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Revised Proposed Part 1 Text for REQUIRED Extension Properties: Model vs Instance

From: Arthur Ryman <ryman@ca.ibm.com>
Date: Thu, 21 Sep 2006 07:31:35 -0400
To: www-ws-desc@w3.org
Message-ID: <OF8D3706CF.259FE2F3-ON852571F0.003A8553-852571F0.003F5129@ca.ibm.com>
Recall that as implementors were working with the extensions in Part 2, 
the meaning of the word REQUIRED caused some confusion. The problem was 
that since extensions are themselves optional, what did it mean for an 
extension to contain a REQUIRED property? The answer that everyone agrees 
with is that you have to state up front what extensions are in effect 
before you can interpret the word REQUIRED.  Therefore when reading an 
extension spec, you interpret REQUIRED to mean that the property is 
REQUIRED if and only if the extension is in effect.

Implementors further noticed that some properties only made sense if other 
extensions or properties or property values were present. This led to the 
idea that extensions should explicitly specify co-occurence contraints. 
For example, the SOAP binding make use of the HTTP binding, but the HTTP 
properties should only be present if the SOAP binding specifies a 
transport of HTTP. This type of property should be marked as OPTIONAL and 
the extensions specification should add constraints that define when it is 
required.

Furthermore, it was realized that we need to allow one extension to 
override the semantics of another extension. For example, one extension 
may demote a REQUIRED property in one extension to OPTIONAL status. This 
is fine as long as the combined set of extensions in effect are mutually 
consistent.

I therefore proposed that we spell these considerations out explicitly and 
I proposed text [1]. We discussed this at length in the July 20 telecon 
[2]. I've update the proposed text below, but I'd like to resolve one 
additional terminology issue.

One of the issues that came up was my use of the terms "component model" 
and "component model instance". Glen felt these terms were used 
incorrectly. He felt that a "component model" was the set of components 
that were created from a WSDL document, i.e. that Glen's model is what I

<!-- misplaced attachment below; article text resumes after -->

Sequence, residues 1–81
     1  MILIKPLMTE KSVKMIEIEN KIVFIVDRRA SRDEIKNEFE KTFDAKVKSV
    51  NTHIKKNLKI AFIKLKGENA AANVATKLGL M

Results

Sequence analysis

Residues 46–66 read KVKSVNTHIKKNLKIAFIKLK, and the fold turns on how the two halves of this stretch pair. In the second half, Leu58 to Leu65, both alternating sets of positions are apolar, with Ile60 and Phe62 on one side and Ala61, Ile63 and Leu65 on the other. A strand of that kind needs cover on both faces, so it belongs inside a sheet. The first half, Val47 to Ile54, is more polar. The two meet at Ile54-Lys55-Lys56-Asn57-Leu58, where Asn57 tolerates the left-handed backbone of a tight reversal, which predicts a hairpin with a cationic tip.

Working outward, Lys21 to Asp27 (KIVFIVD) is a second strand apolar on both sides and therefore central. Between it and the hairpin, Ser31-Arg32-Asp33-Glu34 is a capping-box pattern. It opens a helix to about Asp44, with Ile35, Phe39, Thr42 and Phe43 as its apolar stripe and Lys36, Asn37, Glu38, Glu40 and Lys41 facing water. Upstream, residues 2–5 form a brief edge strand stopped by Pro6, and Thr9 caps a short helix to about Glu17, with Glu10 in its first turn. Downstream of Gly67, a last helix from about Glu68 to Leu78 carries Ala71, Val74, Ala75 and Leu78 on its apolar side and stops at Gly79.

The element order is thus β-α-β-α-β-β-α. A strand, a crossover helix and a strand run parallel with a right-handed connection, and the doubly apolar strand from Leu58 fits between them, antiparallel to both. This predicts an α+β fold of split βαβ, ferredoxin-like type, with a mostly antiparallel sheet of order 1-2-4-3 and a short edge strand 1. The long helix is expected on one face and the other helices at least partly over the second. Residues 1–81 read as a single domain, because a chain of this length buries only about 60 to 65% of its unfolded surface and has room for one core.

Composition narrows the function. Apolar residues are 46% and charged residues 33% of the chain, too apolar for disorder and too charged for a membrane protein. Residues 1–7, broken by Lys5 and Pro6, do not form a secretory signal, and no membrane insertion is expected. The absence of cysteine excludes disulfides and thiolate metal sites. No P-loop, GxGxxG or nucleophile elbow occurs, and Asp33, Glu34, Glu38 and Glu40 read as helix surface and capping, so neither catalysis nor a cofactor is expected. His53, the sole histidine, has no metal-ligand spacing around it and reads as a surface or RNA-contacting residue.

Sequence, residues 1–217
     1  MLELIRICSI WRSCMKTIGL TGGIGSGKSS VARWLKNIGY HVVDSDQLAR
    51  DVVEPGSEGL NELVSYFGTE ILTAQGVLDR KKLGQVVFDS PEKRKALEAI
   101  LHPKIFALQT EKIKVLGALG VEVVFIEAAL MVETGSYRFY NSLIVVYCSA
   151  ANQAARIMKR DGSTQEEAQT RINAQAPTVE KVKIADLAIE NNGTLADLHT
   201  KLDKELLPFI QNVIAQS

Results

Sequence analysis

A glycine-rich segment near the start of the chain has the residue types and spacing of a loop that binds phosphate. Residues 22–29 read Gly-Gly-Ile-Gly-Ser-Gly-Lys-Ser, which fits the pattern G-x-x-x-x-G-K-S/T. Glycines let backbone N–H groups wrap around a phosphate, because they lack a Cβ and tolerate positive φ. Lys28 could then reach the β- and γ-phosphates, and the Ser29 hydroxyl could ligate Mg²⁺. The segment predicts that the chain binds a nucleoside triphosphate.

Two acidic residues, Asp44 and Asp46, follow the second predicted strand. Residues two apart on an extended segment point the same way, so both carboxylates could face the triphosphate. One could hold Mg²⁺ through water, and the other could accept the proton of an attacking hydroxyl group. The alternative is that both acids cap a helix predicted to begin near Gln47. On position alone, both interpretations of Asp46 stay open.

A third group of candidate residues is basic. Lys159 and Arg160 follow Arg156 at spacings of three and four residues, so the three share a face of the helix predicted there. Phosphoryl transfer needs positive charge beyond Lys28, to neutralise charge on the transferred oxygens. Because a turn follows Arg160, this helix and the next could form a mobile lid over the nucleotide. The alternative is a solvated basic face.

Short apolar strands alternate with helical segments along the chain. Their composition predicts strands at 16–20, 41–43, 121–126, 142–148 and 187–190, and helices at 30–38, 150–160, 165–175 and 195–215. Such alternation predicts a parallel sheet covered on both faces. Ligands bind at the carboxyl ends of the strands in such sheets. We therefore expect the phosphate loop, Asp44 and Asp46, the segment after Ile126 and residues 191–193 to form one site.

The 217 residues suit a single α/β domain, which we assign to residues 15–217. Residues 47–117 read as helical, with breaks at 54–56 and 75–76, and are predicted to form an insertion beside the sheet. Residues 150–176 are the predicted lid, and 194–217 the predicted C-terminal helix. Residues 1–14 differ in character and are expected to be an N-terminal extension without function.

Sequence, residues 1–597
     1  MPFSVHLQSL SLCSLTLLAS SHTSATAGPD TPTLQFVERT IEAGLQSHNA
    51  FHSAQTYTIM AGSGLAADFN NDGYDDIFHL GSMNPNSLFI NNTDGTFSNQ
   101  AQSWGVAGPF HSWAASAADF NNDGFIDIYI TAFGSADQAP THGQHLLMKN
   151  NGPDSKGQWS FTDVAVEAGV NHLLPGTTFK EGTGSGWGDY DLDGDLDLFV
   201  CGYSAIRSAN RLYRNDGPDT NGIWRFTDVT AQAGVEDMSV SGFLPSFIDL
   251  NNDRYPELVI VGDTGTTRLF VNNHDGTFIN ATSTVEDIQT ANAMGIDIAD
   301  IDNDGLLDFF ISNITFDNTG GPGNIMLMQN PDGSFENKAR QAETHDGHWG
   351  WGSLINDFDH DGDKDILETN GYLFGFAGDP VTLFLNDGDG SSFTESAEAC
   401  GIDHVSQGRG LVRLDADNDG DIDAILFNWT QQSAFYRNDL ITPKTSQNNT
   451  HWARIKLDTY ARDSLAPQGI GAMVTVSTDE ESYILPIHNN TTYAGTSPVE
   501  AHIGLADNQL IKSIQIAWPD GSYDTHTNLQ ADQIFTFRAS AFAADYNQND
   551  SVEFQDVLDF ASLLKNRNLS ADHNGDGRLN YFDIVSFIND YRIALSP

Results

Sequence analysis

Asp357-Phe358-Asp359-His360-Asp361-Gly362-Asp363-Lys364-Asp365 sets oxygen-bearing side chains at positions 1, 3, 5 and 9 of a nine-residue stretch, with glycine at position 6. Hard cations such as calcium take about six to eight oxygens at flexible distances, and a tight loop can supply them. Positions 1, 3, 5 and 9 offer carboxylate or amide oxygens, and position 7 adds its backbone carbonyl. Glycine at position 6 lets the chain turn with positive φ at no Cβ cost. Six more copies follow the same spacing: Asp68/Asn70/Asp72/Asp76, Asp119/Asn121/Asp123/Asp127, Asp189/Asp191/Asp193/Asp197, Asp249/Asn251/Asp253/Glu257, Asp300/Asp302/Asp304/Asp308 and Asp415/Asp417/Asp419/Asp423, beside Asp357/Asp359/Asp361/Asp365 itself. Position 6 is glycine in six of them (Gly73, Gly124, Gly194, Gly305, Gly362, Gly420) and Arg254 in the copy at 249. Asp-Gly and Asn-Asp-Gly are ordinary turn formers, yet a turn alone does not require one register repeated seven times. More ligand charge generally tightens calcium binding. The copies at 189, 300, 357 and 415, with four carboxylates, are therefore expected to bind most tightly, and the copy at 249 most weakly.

was calling an instance. I've thought about this and would like to defend 
my use of the terms.

I think we should be using the term "model" in the same sense as it is 
used by OMG, e.g. in Model-Driven Development, or Unified Modelling 
Language (UML). In UML one creates "models" of systems, e.g. by drawing 
class diagrams. The correspondence with WSDL is that a component spec is 
like a class diagram. Our core spec contains a set of component specs and 
it therefore like a UML class model. In fact our primer contains an 
infoset diagram [3] that looks very much like a UML class diagram. I 
therefore propose that we adopt the meaning of "component model" to be the 
specification and not the set of components from a given WSDL document.

If we agree with the use of "component model" to mean the core 
specification as defined by Part 1, and we agree that in order to 
interpret REQUIRED for extensions we need to state what extensions are in 
effect, then I would like to propose that we adopt the definition of 
"extended component model" to mean the core component model PLUS the set 
of extensions that are in effect.

Here's the updated text:

6.4 Validity of Extended Component Model Instances

As stated above, WSDL 2.0 provides a component model extensibility 
mechanism which allows new properties and components to be specified. An 
extension specification may also add new constraints or modify existing 
ones. The validity of a component model instance is therefore dependent on 

the set of extension specifications that it is asserted to conform to. 

An extended component model is the component model as defined by the WSDL 
2.0 
Core Language specification together with a set of extension 
specifications that are in effect. A component model instance is valid 
with respect to an 
extended component model if it conforms to the core language and the
set of extension specifications that are in effect, with the provision 
that any extension 
specification may explicitly override any constraint in another 
specification.

6.4.1 Semantics of REQUIRED Properties in Extended Component Models

When an extension specification defines a property to be REQUIRED, this is 

to be understood that the property is only REQUIRED the extension 
specification is in effect. 
An extension specification may override the REQUIRED constraint on 
any property defined in another specification and make it OPTIONAL.  Thus, 

a property is only REQUIRED when the following conditions hold:

* the extension specification is in effect

* no other extension specification in the extension component model 
overrides this constraint

An extension specification may also define co-occurence constraints that 
further qualify the conditions under which an OPTIONAL property is 
required. 


[1] http://lists.w3.org/Archives/Public/www-ws-desc/2006Jul/0076.html
[2] http://www.w3.org/2006/07/20-ws-desc-minutes.html#action03
[3] 
http://www.w3.org/TR/2006/CR-wsdl20-primer-20060327/#wsdl-infoset-diagram

Arthur Ryman,
IBM Software Group, Rational Division

blog: http://ryman.eclipsedevelopersjournal.com/
phone: +1-905-413-3077, TL 969-3077
assistant: +1-905-413-2411, TL 969-2411
fax: +1-905-413-4920, TL 969-4920
mobile: +1-416-939-5063, text: 4169395063@fido.ca
Received on Thursday, 21 September 2006 11:31:52 GMT

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